Oh boy, it’s getting cold out around here! Short days and north winds bring us those arctic-like temperatures that can reach an unbelievable low in the low sixty degree range. While the rest of the country is truly freezing their unmentionable extremities off, we are also experiencing some of our most wintery weather. When the wind is blowing chilly air across the flats, what can we do to stay warm with some action? Where there is smoke, there is fire!
I was recently flying home to Key West, and the flight pattern was such that I was able to have a great view of the Lower Keys from my seat. In many of the basins, there were long patches of milky water being pulled by current into channels and up onto some flats. It looked like the way wind carries smoke through the air. This is the tell-tale sign of big schools of mullet disturbing the bottom and creating a “mud”. Any time of year, when the mullet move, the predators follow. In the winter here, we get a variety of fish chasing and feeding on these schools of bait. Big jack crevalle, ladyfish, bluefish, and blacktip sharks are among the cast of characters that travel with the mullet. Others, like pompano, sea trout and redfish, are pushed south with the bait schools by the colder temperatures.
It is usually not too difficult to find some mudding fish this time of year. There are spots where it is very common for it to happen. I suggest cruising around the basins in your area to start; looking for the “smoke”. A big mullet mud is not difficult to see.
There are a variety of ways to fish these “mudding” scenarios. The most common is to set a drift upwind, or up current, and do what my brother-in-law, Bo, likes to call, “spray and pray”. Basically, making long casts in every direction and working whatever lure you have, back to the boat. Commonly, jigs with plastics are a go to bait. I prefer to use paddle tail swimmers. Others really like jerk bait style tails. I stay away from the grub tails as they tend to get chewed off easily and lose some of their action. But, when you get onto a hot bite, most anything bouncing through the water column will cause a reaction.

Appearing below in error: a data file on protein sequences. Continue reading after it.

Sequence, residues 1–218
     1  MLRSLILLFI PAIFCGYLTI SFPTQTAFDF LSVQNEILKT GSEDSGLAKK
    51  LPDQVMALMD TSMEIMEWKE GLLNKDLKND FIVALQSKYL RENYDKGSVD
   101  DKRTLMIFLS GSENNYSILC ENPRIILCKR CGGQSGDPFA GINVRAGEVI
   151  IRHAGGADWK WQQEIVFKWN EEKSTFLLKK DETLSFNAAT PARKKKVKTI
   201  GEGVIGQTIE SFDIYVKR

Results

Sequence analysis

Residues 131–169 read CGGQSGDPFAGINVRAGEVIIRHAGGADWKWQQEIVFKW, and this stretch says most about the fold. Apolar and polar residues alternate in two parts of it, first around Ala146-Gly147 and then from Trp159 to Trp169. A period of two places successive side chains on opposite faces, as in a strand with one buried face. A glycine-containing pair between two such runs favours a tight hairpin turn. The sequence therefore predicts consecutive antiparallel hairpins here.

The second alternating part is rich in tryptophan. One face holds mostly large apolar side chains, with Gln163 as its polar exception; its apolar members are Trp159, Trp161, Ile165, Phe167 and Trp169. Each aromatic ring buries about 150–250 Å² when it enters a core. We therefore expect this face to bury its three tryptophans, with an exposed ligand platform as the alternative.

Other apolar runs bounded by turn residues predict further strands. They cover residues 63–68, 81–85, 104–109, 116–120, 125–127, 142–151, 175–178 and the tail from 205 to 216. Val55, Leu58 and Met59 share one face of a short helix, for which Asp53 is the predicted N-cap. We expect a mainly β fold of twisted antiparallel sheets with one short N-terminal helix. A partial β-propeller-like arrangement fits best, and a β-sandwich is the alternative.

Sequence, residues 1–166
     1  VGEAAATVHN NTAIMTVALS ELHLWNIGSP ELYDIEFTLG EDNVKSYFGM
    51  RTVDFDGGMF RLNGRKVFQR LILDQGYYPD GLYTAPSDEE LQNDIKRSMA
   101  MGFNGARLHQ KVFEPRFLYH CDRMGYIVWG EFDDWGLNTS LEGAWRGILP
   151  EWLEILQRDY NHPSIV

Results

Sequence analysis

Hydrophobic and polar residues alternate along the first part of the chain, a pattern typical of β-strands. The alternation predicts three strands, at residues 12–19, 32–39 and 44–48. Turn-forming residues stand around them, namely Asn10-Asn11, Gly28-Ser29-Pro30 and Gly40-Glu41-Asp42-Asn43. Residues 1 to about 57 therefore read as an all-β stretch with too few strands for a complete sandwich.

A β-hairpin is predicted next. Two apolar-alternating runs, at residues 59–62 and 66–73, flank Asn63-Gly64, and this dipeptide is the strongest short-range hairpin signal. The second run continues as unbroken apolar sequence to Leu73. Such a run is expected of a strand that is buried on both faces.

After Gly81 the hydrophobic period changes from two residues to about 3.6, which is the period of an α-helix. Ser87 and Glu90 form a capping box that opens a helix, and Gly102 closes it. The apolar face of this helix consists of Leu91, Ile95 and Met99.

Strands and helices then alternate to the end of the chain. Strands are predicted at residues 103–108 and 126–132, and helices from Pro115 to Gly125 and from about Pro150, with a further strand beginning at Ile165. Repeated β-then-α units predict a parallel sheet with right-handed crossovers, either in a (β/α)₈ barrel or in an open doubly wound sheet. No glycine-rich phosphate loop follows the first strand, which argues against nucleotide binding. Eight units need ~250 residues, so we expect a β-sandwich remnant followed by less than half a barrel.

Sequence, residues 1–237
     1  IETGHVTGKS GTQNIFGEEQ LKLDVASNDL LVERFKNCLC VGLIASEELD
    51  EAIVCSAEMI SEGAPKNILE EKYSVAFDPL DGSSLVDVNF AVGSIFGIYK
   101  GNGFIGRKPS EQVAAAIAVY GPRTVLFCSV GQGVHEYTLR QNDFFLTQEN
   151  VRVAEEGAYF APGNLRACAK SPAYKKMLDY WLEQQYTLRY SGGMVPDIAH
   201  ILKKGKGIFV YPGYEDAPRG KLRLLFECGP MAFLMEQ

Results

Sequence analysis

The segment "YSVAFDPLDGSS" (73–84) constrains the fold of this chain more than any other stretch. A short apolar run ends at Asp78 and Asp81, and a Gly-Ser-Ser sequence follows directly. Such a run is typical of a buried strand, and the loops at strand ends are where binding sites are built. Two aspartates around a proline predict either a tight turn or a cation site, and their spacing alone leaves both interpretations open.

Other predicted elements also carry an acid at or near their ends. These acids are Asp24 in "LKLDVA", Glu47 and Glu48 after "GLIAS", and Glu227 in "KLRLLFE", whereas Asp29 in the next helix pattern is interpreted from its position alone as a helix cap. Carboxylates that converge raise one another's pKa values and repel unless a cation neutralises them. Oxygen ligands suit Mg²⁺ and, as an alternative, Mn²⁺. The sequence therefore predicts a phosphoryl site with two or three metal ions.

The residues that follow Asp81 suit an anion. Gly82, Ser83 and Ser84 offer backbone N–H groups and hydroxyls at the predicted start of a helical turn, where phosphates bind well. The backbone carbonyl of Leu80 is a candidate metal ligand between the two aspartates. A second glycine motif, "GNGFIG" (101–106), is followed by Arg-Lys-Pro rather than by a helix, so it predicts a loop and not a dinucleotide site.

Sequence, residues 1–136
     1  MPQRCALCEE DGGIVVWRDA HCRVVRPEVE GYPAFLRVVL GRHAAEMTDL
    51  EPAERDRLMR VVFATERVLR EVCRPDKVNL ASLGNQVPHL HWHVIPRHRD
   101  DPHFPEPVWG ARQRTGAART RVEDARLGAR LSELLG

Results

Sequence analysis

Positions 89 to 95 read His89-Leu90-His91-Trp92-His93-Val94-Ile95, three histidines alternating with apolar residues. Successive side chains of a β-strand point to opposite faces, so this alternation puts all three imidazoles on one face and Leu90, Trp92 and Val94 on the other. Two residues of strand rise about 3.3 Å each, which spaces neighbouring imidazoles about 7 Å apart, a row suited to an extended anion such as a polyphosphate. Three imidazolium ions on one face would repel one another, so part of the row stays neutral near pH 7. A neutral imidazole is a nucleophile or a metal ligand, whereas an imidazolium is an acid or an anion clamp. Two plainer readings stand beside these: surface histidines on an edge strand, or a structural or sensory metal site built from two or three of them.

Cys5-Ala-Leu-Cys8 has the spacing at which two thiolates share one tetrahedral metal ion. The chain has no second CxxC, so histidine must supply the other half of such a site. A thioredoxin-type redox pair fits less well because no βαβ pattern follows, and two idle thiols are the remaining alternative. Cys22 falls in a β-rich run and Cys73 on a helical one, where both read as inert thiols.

The action is not limited to below the surface. Everyone loves a top-water bite. This is a great opportunity to get multiple explosive bites on the surface. Local guide, Pete Heydon, took me to one of his favorite places to find mudding fish. We began our drift fan casting with buck tail jigs--ladyfish and jacks readily ate our baits. Pete handed me a fly rod with a small chartreuse bait pattern on the end. In a few casts, some nice sized jacks came to the boat. These fish are an absolute blast on an 8 or 9 weight rod. I then made a long cast (ok, long for me) and a nice sized bluefish started running off my fly line. My fly rod “trash can slam” was complete!
It is always good to have a heavier rod rigged with wire and a circle hook ready to let drift behind the boat while casting. Pete says, “Float a ladyfish back there, and you have a good chance at catching a shark. But, if you put a bluefish back there, buddy, you’re in shark city!”
If a bent rod and lots of action are what you’re looking for, fishing muds is a sure fire way to stay entertained. It is a perfect way for the youngsters to practice casting and hooking fish as well. Just head out there and find your own piece of the smoke on the water!
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